Cognizant that he probably should have expected as much, given how little contact they'd had, Chase shrugged. "Don't worry about it."
"I tried to prepare them for actually meeting you, instead of just seeing your face on the screen in a video chat, or hearing your voice on the phone."
Which, Chase reflected, given some of the rough-and-tumble sites where he had been stationed, hadn't happened all that frequently. He tore his eyes from the curves beneath Merri's snug-fitting T-shirt, cropped denim jacket and jeans. Her burgundy western boots were nice, too. Obviously custom, from Monroe's. He recognized the signature Texas rose hidden in the fancy feminine embroidery adorning the sides.
"But I'm not sure they believed it was really going to happen," Merri continued, oblivious of the impact she was having on him. "Or understood what your coming here would mean to them." She released a sigh. "Because at the time I told them, I wasn't sure if you were just coming for a visit or staying long-term."
Had she always smelled this good? Like lavender…and woman? Wishing he could make a move on her, without complicating things unnecessarily, Chase shrugged. "I'm sorry about that." Because the kids were already inside, fast asleep, he remained on the porch, speaking quietly with Merri. His gaze roved her upturned face. Although she'd been gorgeous in daylight, she looked even more radiant in the soft glow of the porch light.
Gruffly, he confessed, "I didn't know what I was going to do myself till a few days ago." It had been a tough decision to make. Complicated by the fact that if he came back to stay, Merri was going to expect him to be an uncle to the kids, and behave in a brotherly fashion to her. And his feelings for her were anything but fraternal. Although, thankfully for both of them, she didn't know that.
Merri studied him, a new realism shining in her lovely green eyes. As if the fairy-tale wishes she had once harbored had faded, and she knew now what life was—and what it wasn't. She stepped a little closer, further inundating him in her deliciously feminine scent. "You were really thinking of reenlisting?"
Chase ignored the mounting desire generated by her closeness; and the sight of her running a delicate hand through the soft, thick layers of her honey-blond hair. "It's important work. I made a lot of good friends over there. But…there's important work to be done here, too, and I also have a lot of friends here, so…I finally decided to come home."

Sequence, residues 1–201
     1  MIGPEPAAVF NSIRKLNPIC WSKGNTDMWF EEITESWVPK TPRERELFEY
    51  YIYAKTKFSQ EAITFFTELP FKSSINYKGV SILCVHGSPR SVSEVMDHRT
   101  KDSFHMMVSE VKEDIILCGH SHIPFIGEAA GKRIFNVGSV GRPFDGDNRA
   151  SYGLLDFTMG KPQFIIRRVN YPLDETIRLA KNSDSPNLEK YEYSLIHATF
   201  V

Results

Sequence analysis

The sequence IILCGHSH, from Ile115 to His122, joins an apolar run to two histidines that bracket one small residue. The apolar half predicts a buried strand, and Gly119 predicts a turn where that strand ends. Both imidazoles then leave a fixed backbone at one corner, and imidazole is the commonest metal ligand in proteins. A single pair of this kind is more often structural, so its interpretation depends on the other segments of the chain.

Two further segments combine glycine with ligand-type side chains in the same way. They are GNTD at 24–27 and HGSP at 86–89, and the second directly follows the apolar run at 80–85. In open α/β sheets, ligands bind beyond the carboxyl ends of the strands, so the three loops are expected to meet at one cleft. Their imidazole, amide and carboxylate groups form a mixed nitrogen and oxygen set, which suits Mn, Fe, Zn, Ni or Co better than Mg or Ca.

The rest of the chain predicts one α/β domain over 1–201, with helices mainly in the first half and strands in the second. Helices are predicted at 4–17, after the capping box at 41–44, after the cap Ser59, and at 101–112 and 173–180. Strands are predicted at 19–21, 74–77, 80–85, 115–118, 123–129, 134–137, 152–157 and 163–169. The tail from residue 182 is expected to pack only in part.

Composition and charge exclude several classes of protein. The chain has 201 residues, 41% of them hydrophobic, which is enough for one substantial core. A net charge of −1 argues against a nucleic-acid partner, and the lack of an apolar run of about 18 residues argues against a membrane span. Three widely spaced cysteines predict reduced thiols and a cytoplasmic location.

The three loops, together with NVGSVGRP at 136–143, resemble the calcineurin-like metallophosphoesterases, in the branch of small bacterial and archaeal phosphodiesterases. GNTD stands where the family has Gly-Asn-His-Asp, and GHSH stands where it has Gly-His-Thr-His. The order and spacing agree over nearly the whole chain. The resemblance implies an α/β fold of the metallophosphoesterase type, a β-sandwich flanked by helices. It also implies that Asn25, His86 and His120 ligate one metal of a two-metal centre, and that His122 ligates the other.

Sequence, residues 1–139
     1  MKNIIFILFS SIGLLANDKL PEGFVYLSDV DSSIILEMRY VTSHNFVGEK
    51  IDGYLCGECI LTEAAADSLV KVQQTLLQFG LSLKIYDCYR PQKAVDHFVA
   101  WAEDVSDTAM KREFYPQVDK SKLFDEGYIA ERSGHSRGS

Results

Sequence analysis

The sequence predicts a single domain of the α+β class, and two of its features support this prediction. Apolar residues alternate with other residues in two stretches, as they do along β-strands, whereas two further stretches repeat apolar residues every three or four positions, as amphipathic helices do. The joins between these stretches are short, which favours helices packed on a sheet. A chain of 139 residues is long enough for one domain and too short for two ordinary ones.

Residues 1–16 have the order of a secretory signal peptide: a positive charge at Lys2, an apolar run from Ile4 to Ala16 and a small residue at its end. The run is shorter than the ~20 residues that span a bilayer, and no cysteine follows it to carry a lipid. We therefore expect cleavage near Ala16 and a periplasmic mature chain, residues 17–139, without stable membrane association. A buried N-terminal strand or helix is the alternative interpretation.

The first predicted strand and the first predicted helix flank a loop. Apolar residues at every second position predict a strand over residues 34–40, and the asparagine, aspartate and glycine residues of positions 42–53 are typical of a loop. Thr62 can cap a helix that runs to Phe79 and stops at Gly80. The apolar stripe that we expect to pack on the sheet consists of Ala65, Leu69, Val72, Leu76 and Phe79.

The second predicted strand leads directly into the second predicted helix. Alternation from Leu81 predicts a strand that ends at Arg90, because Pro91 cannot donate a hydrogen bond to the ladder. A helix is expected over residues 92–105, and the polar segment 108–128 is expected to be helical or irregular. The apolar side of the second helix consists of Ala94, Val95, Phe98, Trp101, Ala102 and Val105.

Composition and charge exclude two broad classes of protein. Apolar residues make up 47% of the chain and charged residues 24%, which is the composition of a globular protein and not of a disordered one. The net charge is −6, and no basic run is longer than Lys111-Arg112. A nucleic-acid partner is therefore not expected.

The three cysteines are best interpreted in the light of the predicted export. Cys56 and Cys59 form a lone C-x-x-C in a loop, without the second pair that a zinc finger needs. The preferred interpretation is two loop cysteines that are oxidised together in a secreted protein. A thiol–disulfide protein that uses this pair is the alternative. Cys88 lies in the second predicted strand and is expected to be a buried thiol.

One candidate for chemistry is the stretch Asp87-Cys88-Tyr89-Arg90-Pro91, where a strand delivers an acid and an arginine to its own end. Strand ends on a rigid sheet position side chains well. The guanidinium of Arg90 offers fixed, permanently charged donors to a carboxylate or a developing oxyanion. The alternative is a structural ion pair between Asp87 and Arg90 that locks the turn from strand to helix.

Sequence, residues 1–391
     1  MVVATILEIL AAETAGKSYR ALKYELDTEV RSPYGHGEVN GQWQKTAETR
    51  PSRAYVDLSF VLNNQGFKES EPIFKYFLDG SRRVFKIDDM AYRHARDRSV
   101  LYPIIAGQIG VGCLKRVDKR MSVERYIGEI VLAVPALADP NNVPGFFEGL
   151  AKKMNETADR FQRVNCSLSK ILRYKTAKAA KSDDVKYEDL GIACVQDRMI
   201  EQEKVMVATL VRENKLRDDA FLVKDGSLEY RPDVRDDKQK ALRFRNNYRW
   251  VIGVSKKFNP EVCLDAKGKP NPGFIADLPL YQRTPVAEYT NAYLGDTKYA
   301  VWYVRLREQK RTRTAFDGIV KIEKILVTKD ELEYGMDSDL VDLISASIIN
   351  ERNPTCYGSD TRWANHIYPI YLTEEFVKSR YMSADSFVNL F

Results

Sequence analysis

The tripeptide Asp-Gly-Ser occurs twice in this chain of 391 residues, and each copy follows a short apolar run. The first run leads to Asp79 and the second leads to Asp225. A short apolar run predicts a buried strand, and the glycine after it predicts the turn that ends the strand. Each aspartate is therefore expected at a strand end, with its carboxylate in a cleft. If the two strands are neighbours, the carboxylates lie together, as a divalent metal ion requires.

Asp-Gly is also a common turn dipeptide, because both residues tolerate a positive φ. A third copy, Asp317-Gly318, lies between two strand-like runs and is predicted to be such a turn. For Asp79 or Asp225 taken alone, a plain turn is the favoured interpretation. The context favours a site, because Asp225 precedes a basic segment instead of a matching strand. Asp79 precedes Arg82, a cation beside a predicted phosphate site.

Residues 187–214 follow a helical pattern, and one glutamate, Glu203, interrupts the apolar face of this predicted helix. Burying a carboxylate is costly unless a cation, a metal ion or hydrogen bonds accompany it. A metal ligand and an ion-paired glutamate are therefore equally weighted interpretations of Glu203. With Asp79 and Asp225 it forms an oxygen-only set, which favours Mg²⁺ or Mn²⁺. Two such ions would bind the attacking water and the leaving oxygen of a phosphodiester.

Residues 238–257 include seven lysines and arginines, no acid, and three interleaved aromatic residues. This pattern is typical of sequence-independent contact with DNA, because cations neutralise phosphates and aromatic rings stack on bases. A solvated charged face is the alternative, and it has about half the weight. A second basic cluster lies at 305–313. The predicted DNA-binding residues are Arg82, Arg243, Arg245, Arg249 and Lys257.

Chase saw her shiver a little in the cooling night air. She pulled the edges of her jacket together, but not before he noted her physical reaction to the declining temperature.
"I'm glad you did." Flushing self-consciously, she said, "I know the kids are, too. They just don't know how to express it yet. In any case, I prepared the guest room for you."
"You don't have to put me up tonight," Chase said. "I can sleep in an on-call room at the hospital, till I have time to find a place." Thanks to the local auto dealer's cooperation in making an advance sale, he even had a brand-new pickup truck to drive, waiting in the parking area next to the ranch house.
A mixture of disappointment and guilt colored her expression. "This is your home."
"It was once," Chase agreed, his tone flat, as old decisions neither of them had anything to do with came back to haunt them once again. He brushed aside the hurt he'd felt for years now. The hurt that had helped keep him away, and made him wonder if he should return to Laramie County at all. "But not anymore."
Merri wondered if this was the reason behind the rift that had existed between Chase and his younger brother. One that had seemed to only get bigger as time passed, reaching a point of no return shortly before Chase went off to war. Which, of course, made his eventual generosity regarding the birth of the twins even more difficult for her to understand.
Now that he was back, however, and going to be part of the twins' lives, it was time she rectified that.
"I never understood why your mother willed the entire property to Scott." The one-sided terms of the late Lydia Armstrong's estate had shocked everyone when the will had been read. Especially Chase, Merri remembered, because he hadn't known the disinheritance was coming.
He glanced up at the half-moon overhead, then restlessly walked the length of the porch that lined the large stone-and-cedar ranch house. His gaze traveled over the manicured lawn and the lush shrubbery, to the now-empty pastures. He didn't seem to find fault with anything he saw in the pastoral scene. Which was no surprise to Merri. She had done a good job as conservator of the property, on behalf of the twins, who had inherited it all upon their father's death.